Directions

To access the Fossil Creek Waterfall Trailhead, you will take interstate 17 that connects Phoenix to Flagstaff. From Phoenix, you will exit 287 off of interstate 17 and turn towards State Route 260. From here, the road is paved for about 24 miles. On the right side you will come across Forest Road 708, which will have a Fossil Creek Sign in front.

Next is to travel 14 miles down a bumpy dirt road as you drop down 1,600 feet in elevation. A 4 wheel drive vehicle is preferred, but you can do it with a normal car as long as it is not lowered and you drive the road slow around 5-10 mph.

fossil creek blog drive
14 mile dirt drive to Waterfall Trailhead

Make sure to stop at the stop sign for the forest rangers to check your permit. From here you will drive 1/2 to 2 miles to your parking permit location. Best  spots are lots 1-Waterfall Trailhead, 2-Irving Flume Trailhead, 3-Tonto Bench, and 4-Fossil Creek Bridge. All four of these parking permit spots have creek access very close. Lot 2 is where you will access the Flume Trailhead.

Remember: Pack out what you pack in and take lots of water.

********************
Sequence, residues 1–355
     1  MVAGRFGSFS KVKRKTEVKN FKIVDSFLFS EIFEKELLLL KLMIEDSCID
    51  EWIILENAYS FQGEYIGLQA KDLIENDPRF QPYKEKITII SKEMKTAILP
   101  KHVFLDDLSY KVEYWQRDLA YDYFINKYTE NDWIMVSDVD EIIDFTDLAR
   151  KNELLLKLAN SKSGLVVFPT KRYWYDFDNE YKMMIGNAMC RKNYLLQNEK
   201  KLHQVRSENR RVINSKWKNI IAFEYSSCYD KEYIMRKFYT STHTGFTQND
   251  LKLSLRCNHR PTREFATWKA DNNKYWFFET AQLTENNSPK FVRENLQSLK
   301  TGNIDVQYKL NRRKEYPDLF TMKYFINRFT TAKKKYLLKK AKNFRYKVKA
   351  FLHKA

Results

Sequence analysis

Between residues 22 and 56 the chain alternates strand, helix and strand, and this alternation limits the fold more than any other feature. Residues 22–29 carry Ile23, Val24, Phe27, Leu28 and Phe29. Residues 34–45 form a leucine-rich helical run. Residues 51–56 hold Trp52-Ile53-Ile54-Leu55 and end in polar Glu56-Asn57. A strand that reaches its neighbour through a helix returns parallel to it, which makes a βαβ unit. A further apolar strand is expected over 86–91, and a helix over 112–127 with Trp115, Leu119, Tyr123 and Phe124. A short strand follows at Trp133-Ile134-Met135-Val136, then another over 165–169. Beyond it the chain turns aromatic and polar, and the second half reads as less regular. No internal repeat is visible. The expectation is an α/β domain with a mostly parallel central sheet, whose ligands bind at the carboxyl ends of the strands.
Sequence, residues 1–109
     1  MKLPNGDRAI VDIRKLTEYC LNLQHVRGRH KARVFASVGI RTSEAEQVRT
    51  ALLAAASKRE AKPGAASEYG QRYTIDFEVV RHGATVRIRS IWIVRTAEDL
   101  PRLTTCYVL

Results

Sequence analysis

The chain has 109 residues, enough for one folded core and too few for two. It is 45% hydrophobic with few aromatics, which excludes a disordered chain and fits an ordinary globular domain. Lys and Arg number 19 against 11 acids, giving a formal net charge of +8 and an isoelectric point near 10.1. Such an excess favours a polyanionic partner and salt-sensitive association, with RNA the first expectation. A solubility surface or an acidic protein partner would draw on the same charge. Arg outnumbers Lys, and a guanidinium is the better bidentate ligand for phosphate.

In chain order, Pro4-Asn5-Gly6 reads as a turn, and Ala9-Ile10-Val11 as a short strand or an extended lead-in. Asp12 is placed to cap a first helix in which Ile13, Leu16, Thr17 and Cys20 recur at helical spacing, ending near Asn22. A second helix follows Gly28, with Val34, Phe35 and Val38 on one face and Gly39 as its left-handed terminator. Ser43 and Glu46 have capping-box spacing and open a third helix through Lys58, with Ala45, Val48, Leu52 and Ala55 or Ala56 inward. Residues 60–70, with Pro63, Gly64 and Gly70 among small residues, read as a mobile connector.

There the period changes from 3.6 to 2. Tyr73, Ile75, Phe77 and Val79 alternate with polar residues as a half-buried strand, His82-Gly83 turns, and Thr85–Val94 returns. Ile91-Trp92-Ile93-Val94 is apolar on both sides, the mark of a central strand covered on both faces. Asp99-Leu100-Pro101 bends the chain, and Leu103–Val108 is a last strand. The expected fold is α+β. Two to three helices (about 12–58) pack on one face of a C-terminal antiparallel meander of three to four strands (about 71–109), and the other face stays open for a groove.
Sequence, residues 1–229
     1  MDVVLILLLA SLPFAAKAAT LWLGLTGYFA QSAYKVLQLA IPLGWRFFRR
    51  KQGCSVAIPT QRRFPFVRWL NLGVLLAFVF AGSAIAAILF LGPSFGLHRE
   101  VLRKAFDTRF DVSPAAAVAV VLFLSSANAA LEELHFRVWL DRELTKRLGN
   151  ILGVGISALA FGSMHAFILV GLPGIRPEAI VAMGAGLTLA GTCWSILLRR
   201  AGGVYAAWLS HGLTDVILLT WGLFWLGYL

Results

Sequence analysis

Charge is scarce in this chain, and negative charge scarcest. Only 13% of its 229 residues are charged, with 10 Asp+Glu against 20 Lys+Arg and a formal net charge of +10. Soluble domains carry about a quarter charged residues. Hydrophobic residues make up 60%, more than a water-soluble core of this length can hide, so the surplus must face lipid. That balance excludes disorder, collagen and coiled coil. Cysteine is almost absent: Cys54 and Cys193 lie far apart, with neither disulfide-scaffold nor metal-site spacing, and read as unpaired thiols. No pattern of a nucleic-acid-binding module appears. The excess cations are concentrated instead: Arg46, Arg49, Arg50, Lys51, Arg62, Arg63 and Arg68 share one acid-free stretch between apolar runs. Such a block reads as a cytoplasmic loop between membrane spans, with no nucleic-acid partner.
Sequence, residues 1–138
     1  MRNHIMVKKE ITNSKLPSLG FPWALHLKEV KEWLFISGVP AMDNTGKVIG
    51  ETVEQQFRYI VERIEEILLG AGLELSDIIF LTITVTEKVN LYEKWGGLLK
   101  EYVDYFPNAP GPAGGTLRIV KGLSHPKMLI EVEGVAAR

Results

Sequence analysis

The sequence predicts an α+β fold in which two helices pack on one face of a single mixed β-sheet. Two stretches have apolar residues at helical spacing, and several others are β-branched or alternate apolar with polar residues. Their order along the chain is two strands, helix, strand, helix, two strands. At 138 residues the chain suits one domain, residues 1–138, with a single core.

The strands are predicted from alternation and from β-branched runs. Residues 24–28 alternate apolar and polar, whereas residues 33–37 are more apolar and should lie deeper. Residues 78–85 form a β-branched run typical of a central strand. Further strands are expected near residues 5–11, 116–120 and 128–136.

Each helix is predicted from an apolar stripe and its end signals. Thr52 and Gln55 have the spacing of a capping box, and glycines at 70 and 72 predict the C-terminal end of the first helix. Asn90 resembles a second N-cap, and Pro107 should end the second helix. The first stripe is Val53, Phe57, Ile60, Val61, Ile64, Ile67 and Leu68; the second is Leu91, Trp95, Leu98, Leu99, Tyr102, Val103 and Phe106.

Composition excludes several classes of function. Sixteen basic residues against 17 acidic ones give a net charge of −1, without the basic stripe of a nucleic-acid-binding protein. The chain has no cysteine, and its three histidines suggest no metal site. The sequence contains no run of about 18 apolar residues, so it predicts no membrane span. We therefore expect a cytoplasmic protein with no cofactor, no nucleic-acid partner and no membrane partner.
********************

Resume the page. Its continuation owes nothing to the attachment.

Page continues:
Getting to the Fossil Springs Trailhead from Interstate 17, you will exit 287 towards Payson. This will take you on a 34 mile paved road to State Route 87. Go South on 87 for about 8 miles till you come to Fossil Creek Road (Forest Road 708). From here you follow the road down to the Fossil Springs Trailhead where you will park and hike down to the springs.

Hikes

Fossil Creek Trail Map

The Waterfall Trailhead can be reached by getting permits for one of the five spots near Camp Verde. From the trailhead, it has an elevation of 203 feet mostly in a riparian zone and is about 2.4 miles round-trip.

fossil creek blog 4
Waterfall Trail

This hike can be done with the family as well as your fury dogs as long as they are leashed. Be careful of the heat. Bathrooms are located at each parking spot. The hike will take about 30 to 45 minutes, depending on where you start. At the end of the trail is the 25 foot waterfall where you can jump off or slide down into the refreshing water.

fossil creek
Fossil Creek has many hidden swimming pools to float around in

The Fossil Springs Trailhead is accessible from Strawberry. This is a more strenuous one that is almost 1,500 feet in elevation with a 8.1 mile round-trip from your parking spot. One way will take you about 2 to 3 hours to hike, depending on your skill level and the weather conditions.

Lastly, is the Flume Trail that will take you to the old Fossil Creek Dam area. There is no creek access for almost all of the trail and is 10 miles round-trip. This hike is best done early. The busiest times are weekends and the summer.

Gear We Take

Gopro Hero 5
ProFloat Waterproof GoPro Grip
Dive Portable Lung Scuba
Chaco Water/Hiking Shoes
Sunscreen
Hammock
Hydro Flask Water Bottle
Thule Backpack